Borrowed Trouble — Being Perfect, Part 4

White-crowned Sparrow 20110617
Kenneth Cole Schneider
CC by-nc-sa | Flickr

When Jesus taught his disciples about being perfect, he told them not to worry about anything – even basic necessities like food and clothing. But our worries are just getting started there. How can we not worry, when there’s so much to worry about? Pastor Luke looks at Matthew 6:25–34 in “Borrowed Trouble,” part 4 of his 5-part series “Being Perfect.”

Talk It Over

OPEN. 1. Where, on a scale from 1 (worrywart) to 10 (carefree), have you found yourself most often this week? Where was Jesus during his earthly ministry?

1b. (Bonus question) Insouciant, nonchalant, blasé — why does English have so many French words for “unworried?”

UNPACK. Read Matthew 6: 25–34.

2. In this passage, does your translation say “worry,” or “be anxious?” Does the meaning change significantly if you substitute the other word?

3. The worries that Jesus mentions (food and clothing) are basic needs. Is it as easy to worry about non-essentials (your appearance, for example) as it is about essentials? Why or why not?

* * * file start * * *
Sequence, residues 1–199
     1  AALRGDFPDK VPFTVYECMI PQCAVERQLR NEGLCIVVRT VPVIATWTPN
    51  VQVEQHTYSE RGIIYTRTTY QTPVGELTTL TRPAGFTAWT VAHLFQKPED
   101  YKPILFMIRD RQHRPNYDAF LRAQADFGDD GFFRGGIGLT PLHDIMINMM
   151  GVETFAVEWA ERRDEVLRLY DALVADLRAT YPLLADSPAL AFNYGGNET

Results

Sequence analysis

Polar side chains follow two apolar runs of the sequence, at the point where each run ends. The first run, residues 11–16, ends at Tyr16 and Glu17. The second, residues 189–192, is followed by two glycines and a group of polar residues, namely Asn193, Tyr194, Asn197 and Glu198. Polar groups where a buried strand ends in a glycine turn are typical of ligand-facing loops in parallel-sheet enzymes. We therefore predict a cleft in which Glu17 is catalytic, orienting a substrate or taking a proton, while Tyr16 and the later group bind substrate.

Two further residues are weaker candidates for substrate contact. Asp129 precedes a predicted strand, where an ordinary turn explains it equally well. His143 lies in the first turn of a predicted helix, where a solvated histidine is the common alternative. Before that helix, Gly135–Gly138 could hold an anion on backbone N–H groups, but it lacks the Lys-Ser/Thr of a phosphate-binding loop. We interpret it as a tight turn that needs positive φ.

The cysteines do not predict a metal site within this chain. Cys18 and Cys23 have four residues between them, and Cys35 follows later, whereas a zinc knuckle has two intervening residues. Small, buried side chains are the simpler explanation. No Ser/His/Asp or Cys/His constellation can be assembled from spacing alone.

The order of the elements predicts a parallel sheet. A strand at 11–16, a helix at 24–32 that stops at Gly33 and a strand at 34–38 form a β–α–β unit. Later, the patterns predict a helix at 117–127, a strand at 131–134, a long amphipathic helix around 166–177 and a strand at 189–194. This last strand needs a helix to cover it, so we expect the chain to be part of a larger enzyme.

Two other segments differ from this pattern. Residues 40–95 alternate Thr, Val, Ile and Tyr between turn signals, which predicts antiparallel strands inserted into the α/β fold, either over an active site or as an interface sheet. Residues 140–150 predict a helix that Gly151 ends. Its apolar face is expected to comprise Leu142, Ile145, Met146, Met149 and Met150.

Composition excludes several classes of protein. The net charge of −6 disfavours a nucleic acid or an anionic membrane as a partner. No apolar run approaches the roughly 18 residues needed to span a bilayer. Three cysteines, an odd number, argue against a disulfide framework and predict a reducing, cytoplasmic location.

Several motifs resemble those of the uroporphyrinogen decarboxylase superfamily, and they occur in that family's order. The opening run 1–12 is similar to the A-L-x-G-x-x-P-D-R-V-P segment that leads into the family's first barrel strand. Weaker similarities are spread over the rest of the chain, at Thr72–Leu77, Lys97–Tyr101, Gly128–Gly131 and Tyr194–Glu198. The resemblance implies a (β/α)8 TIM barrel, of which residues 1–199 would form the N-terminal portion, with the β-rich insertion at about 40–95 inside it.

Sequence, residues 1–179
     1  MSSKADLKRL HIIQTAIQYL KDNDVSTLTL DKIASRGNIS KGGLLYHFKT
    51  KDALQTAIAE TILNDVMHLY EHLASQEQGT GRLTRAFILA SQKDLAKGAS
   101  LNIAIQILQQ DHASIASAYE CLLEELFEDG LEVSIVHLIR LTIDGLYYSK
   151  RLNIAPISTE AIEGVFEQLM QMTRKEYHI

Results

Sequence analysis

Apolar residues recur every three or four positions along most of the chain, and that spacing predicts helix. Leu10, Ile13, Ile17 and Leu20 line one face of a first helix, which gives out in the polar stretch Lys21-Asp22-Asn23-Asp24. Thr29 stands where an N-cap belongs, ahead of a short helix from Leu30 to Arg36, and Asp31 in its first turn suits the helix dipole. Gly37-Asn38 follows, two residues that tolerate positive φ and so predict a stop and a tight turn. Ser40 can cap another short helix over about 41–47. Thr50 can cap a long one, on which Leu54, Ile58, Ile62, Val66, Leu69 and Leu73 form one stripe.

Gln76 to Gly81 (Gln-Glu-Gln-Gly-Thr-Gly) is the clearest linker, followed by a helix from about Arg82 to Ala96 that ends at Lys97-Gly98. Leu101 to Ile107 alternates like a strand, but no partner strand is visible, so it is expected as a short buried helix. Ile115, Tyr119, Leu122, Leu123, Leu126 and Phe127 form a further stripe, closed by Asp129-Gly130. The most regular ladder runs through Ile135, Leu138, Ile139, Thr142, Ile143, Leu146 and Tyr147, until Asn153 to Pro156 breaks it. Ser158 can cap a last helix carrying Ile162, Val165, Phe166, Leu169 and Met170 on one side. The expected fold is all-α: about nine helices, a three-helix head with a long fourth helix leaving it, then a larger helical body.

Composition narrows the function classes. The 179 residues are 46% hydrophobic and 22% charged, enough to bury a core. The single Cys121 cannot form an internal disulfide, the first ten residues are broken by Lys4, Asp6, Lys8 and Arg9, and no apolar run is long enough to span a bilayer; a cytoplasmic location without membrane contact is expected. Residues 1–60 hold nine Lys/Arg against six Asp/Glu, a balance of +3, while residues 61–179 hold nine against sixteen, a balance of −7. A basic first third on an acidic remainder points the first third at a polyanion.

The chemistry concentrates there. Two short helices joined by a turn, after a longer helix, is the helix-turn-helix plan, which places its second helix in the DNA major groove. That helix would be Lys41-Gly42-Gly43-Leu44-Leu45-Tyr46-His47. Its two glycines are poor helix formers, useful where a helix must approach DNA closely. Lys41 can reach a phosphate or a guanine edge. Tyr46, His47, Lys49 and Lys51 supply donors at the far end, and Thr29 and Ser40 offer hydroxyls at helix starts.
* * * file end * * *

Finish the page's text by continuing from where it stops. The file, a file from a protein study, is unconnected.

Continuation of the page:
4. Since Jesus knew that birds sometimes go hungry and even starve, what is the point of his observation in v. 26?

5. Jesus asks a question in v. 26. What is the answer? Why do you say so?

6. Read Matthew 10: 29–30. What does v. 29 suggest about the value of birds? What does v. 30 say about the value of humans?

7. Jesus sometimes calls his disciples by the nickname “little-faiths” (as in Matthew 6: 30). What is the relationship between worry and faith? (Consider Matthew 13: 18–23.)

The Kingdom of God is not heaven (that is, paradise, where we go to be with Jesus when we die, Luke 23: 43) but the rule of God in a person’s life (see, for example, Luke 17: 20–21; Matthew 23: 13).

8. What does it mean to strive or seek (v. 33) the Kingdom of God?

APPLY. 9. Consider the nature of your worries. What is the context (a time, place, or someone’s presence) where you are most prone to worry? What does it say about the nature of your worries?

10. If the antidote to worry is trusting God, what can you do in that anxiety-provoking context to remind yourself about God’s faithfulness?

11. When was the last time you took time to look at flowers or birds? What can you do to be more obedient to these commandments of Jesus?

Advertisements